Coping with anxiety, depression, anger and aggression : the mediational role of resilience in adolescents.
Ang, Rebecca P.
Ho, Moon-Ho Ringo
Date of Issue2012
School of Humanities and Social Sciences
Background The New Freedom Commission on Mental Health urged that mental health services be transformed from a reactive approach of treatment to a proactive one of prevention and building resilience. In response, the present study delineates the role of resilience in reducing psychopathology. Objective The study examined the mediational role of resilience (positive thinking, tenacity and help-seeking), on the relationship between coping (approach and avoidance) and psychopathology (anxiety, depression, anger and aggression). Methods Adolescents (n = 719) aged 14–15 completed questionnaires assessing study variables in school settings. Results Mediation analysis using Structural Equation Modeling found that resilience factors mediated the approach coping–psychopathology relationship but not the avoidance coping–psychopathology relationship. Specifically, positive thinking mediated the approach coping–internalizing disorders (anxiety; depression) relationship; tenacity mediated the approach coping–aggression link; help-seeking mediated both the approach coping–internalizing disorders, and approach coping–externalizing behaviors (anger; aggression) links. Further, strength-of-mediation analysis revealed that help-seeking was a stronger mediator than positive thinking in the approach coping–anxiety relationship. Conclusion Approach coping works via resilience processes to bring about a decrease in internalizing (anxiety and depression) and externalizing (anger and aggression) conditions. Specific strategies to cope with these aforementioned conditions are: think positive for anxiety and depression; be tenacious when coping with aggression and seek help for anxiety, depression, anger and aggression. These findings lay the groundwork for resilience interventions.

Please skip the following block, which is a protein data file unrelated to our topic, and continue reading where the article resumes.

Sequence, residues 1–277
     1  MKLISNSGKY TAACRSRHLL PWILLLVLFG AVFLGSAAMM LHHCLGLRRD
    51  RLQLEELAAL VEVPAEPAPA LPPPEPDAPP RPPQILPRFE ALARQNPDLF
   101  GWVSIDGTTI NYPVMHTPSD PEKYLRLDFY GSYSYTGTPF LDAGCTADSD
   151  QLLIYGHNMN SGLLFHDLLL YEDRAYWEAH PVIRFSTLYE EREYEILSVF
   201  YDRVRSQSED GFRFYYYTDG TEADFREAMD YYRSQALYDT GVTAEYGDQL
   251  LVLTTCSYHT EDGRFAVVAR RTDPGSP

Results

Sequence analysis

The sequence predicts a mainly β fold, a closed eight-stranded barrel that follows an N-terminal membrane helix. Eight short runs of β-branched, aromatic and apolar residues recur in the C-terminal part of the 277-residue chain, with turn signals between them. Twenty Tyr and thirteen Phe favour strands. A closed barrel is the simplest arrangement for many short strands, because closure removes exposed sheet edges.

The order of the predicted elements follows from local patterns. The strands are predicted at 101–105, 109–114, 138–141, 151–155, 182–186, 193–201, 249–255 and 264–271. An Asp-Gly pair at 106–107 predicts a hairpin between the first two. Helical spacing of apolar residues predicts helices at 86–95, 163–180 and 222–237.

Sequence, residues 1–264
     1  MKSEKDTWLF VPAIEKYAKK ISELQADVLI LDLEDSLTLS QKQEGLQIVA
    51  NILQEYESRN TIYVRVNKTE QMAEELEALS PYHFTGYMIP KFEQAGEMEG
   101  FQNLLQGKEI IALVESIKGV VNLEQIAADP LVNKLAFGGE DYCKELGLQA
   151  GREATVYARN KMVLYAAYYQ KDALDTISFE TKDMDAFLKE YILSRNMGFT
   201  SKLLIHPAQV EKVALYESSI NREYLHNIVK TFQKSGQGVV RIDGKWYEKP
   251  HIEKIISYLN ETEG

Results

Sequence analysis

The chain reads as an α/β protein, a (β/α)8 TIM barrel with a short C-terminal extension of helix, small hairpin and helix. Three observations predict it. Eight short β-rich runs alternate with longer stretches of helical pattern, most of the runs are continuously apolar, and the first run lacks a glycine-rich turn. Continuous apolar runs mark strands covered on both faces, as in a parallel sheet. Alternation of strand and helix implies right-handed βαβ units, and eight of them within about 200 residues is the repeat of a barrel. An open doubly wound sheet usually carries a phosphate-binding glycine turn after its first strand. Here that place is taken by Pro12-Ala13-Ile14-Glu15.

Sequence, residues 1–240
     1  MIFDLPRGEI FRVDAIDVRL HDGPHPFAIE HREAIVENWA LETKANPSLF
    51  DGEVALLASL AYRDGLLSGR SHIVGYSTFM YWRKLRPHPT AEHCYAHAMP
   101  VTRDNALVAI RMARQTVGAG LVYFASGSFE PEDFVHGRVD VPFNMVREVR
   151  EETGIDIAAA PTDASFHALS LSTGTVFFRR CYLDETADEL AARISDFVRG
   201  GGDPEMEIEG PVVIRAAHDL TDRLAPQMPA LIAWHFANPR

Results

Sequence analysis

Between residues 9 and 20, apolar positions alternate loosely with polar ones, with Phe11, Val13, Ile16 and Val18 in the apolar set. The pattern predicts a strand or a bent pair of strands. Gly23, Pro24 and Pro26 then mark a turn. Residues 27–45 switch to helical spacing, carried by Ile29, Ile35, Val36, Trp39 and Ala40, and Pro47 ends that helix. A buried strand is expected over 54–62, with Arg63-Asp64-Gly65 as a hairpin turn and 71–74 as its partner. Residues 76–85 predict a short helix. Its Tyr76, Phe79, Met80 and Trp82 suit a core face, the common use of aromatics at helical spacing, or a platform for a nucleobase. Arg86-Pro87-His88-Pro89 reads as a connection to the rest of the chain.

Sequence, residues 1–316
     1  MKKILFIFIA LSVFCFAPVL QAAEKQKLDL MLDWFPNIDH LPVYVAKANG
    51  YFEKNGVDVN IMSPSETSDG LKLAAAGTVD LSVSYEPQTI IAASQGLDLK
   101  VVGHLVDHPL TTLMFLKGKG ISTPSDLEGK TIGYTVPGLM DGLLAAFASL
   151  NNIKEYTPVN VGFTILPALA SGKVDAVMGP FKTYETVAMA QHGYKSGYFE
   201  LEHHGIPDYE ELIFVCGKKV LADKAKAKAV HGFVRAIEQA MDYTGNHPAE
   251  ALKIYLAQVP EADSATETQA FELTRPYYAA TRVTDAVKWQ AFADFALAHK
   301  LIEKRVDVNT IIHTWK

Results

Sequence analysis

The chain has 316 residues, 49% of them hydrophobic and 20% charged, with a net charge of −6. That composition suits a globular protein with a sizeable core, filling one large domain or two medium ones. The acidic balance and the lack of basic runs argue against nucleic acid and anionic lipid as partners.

Child & youth care forum